Relating to Historical Contingency in Biology

on 2nd of January, 2008 in History of Biology
About the Author:
Dan is a postdoc working at the University of Cyprus in developmental biology. He has a BSc in molecular biology and a PhD pharmacology and biochemistry.

Two blog posts recently collided for me. First, in a blog discussion on Macroevolution vs. Microevolution, Allen MacNeill clarified some issues for me (thanks to TUIBG for bringing it back up):

Add the newly emerging fields of evo-devo and epigenesis to the foregoing, and it is increasingly clear that macroevolution (i.e. cladogenesis) follows different rules than microevolution (i.e. anagenesis), and that these differences are most noticeable in the fossil record cited by Eldredge and Gould as the basis for their theory of punctuated equilibrium. In particular, the basic program that energized the "modern synthesis" – that is, the reduction of all significant evolutionary mechanisms to a series of linked mathematical models, based on grossly simplified reductions of complex biology to quasi-Mendelian point-like "particles of inheritance" (changes in which drive the variation and divergence of phenotypes) – is impossible to apply in any coherent way to macroevolution. The "modern synthesis" was essentially a "Newtonian" program, whose proponents assumed that the underlying law-like processes (i.e. microevoluiton) are (like physics) both ahistorical and universal. However, it is now becoming clear that the emerging science of macroevolution is both irreversibly historically contingent (and therefore not reducible to mathematical formalisms) and driven by fundamentally different processes than those underlying most of microevolution.

Rich Lawler's comment at Gene Expression counter-balances that comment with an item on Formalization and Process:

It's interesting to note that a few of the most insightful observations about the evolutionary process were first promulgated verbally, then later proven mathematically (unlike H-W equilibrium). These include runaway sexual selection (first adumbrated by Fisher, then shown mathematically possible by Lande and Kirkpatrick), the handicap principle (first adumbrated by Zahavi, then–finally–shown to be mathematically possible by Grafen), and, of course, natural selection (first adumbrated by what's-his-face, then formalized by Wright, Fisher, and later Price, among others). And of course, all of these topics were debated back-n-forth until the math made them more clear.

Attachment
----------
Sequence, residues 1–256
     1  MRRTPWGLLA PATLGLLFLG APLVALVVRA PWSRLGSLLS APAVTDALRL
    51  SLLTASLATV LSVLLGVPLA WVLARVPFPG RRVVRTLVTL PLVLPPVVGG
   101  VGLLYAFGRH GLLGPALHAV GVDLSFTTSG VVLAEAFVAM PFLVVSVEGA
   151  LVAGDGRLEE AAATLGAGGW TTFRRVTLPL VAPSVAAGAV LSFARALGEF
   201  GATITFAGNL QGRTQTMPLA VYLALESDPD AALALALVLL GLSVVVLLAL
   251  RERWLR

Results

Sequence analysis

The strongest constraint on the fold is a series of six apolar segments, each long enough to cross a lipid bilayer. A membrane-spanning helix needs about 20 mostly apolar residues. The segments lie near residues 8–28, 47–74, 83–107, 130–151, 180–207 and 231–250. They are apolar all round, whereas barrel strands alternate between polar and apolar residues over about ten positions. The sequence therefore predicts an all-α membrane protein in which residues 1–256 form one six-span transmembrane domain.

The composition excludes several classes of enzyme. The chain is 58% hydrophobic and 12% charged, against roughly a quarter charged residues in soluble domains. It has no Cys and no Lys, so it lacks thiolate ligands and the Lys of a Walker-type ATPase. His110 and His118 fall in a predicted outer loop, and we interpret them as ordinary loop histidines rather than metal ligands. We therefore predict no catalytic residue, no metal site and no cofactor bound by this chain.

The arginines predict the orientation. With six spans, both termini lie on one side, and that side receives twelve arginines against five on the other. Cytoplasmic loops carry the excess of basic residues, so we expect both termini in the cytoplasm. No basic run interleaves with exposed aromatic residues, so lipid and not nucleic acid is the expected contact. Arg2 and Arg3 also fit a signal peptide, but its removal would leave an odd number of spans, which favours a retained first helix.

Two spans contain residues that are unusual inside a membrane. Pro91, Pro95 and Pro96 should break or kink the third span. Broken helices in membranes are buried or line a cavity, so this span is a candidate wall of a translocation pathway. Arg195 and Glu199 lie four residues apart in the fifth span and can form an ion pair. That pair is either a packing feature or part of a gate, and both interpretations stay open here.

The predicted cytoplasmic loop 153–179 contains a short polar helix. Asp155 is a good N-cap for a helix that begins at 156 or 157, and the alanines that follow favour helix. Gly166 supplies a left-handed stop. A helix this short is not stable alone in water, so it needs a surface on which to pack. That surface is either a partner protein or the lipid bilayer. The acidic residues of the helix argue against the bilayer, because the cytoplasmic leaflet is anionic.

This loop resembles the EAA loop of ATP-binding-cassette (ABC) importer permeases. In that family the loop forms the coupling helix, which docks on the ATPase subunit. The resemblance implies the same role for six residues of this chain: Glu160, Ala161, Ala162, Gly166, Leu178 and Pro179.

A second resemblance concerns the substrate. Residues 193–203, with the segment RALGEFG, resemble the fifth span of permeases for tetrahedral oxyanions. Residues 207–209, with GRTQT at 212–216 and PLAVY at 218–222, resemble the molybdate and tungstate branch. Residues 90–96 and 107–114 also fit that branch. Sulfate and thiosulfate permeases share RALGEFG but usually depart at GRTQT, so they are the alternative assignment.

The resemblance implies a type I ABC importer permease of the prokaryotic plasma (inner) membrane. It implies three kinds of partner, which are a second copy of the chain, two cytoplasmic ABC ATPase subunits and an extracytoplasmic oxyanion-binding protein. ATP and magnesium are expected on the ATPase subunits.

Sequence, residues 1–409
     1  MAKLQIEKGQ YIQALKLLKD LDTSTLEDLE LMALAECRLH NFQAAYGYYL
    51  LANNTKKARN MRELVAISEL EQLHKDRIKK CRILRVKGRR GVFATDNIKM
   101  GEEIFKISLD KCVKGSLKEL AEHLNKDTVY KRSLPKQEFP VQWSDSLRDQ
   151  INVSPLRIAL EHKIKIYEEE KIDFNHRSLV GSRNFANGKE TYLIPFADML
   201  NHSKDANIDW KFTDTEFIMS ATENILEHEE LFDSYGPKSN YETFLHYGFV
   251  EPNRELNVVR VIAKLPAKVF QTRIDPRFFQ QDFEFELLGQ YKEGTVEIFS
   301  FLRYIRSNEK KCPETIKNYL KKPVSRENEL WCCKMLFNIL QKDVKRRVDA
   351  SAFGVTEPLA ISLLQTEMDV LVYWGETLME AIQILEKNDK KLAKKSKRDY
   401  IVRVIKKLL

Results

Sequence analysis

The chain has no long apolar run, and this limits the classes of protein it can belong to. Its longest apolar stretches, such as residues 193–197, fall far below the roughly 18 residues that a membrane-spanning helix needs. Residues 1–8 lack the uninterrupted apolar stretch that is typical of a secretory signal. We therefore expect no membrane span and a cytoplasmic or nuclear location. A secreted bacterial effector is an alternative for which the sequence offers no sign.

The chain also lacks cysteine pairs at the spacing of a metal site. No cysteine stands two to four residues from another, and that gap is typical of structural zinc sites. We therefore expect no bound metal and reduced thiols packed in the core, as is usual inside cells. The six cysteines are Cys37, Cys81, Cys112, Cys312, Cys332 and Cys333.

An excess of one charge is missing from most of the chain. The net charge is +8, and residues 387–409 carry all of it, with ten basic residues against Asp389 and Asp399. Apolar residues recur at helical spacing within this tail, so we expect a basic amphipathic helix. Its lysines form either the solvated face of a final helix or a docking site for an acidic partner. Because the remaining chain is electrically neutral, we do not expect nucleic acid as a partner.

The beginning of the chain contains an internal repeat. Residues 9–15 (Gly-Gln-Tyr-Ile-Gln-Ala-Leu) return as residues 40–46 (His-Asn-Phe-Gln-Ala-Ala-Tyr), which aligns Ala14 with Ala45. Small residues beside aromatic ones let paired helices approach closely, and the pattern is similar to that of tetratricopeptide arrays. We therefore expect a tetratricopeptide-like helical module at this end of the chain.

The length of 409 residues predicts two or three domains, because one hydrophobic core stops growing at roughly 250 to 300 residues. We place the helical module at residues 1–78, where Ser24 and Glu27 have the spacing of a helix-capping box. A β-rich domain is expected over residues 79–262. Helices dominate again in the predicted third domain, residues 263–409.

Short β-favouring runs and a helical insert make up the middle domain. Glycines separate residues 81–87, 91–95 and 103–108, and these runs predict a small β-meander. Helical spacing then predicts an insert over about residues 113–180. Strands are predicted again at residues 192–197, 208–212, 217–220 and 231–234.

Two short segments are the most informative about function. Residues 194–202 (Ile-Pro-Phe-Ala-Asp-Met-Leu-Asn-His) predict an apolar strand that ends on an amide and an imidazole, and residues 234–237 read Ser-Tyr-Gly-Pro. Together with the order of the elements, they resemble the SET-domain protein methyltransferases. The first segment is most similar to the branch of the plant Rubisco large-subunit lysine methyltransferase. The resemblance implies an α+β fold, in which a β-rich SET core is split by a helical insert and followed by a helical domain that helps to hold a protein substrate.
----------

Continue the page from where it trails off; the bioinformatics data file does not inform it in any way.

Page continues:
The key words here appear to be complex and process, in determining whether some pattern is historical or can be formalized. Do we know enough to reduce the complex into a process? If we knew enough, the Platonist philosophers of science argue that we could reduce even the complexity of biology to mathematics, much like in the Newtonian program. The number of variables are too great to enumerate. This is the case for any historical description – causation still rules, but not all of the causes can be labeled.

Formalization is also important in molecular and cellular biology – how do we best formally represent the highly interconnected network of protein interactions in the cell? While not a process per se, this network is complex and dynamic. Richard Bonneau et al. had a very recent post in Cell experimentally trying to point the way towards such a formalization with A Predictive Model for Transcriptional Control of Physiology in a Free Living Cell:

This does bring up an obvious question of whether the potential for enormous complexity of a biological system will ever allow the construction of a complete model of a cell. In this regard it has been favorably suggested, at least in the context of metabolism, that despite this potential for complexity, a cell usually functions in one of few dominant modes or states (Barrett et al., 2005). We speculate that this natural property of a biological system simplifies the problem to inferring gene regulatory models for its transitions among relatively few states. In addition, as discussed earlier, the extensive connectivity within EF and biological networks makes it tractable to effectively construct a comprehensive model of cellular responses to changes in multiple EFs from a modest number of well-designed systematic perturbation experiments ([Faith et al., 2007] and [Hayete et al., 2007]). We believe that this type of a model will hold true for environmental responses of all organisms and, more importantly, that it should be possible to construct such models solely from EF perturbation experiments. This will be especially valuable in context of organisms that currently lack tools for genetic analysis.

Thus, Bonneau et al. make the case for formalizing the cellular networks in systems biology. And, as Razib, Lawler, and MacNeill note, microevolution is accessible to formalization. Can macroevolution also be formalized in mathematical terms?

Now it's my turn to punt the ball.

  1. Bonneau R, Baliga NS, et al. (2007) Cell 131(7):1354-1365. DOI:10.1016/j.cell.2007.10.053

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